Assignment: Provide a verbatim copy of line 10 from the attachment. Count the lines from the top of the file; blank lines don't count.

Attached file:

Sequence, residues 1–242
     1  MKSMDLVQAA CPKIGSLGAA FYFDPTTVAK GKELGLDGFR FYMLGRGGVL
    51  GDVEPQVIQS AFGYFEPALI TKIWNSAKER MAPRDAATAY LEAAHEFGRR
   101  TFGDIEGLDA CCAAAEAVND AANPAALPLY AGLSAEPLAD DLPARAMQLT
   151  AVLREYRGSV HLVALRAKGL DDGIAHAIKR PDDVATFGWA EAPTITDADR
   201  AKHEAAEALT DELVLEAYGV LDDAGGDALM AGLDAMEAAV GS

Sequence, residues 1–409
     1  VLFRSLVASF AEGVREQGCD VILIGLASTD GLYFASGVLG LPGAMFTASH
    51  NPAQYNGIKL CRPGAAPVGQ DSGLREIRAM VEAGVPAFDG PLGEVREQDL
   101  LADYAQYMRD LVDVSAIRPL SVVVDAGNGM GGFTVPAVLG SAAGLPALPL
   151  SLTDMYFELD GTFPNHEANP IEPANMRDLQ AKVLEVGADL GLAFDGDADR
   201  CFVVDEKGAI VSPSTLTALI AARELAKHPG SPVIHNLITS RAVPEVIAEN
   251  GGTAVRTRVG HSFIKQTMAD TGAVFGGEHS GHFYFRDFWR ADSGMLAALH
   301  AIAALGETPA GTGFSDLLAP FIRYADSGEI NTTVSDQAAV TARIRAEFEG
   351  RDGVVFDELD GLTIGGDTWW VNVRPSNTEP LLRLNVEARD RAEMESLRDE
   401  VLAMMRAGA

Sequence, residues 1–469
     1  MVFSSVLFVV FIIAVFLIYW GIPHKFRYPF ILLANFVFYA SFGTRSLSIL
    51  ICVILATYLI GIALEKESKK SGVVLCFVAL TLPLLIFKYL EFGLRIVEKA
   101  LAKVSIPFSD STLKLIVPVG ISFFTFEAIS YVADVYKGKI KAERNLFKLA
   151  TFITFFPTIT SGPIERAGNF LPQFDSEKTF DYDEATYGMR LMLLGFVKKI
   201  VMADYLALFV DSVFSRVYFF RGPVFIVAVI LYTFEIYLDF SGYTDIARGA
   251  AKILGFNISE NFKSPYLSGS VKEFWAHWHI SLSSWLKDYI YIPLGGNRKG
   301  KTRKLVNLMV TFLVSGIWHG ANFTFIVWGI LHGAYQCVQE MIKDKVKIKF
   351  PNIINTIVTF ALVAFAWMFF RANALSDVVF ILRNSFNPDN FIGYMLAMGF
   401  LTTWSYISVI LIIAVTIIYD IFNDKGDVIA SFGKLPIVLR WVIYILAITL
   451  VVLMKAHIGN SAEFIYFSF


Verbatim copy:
   101  LADYAQYMRD LVDVSAIRPL SVVVDAGNGM GGFTVPAVLG SAAGLPALPL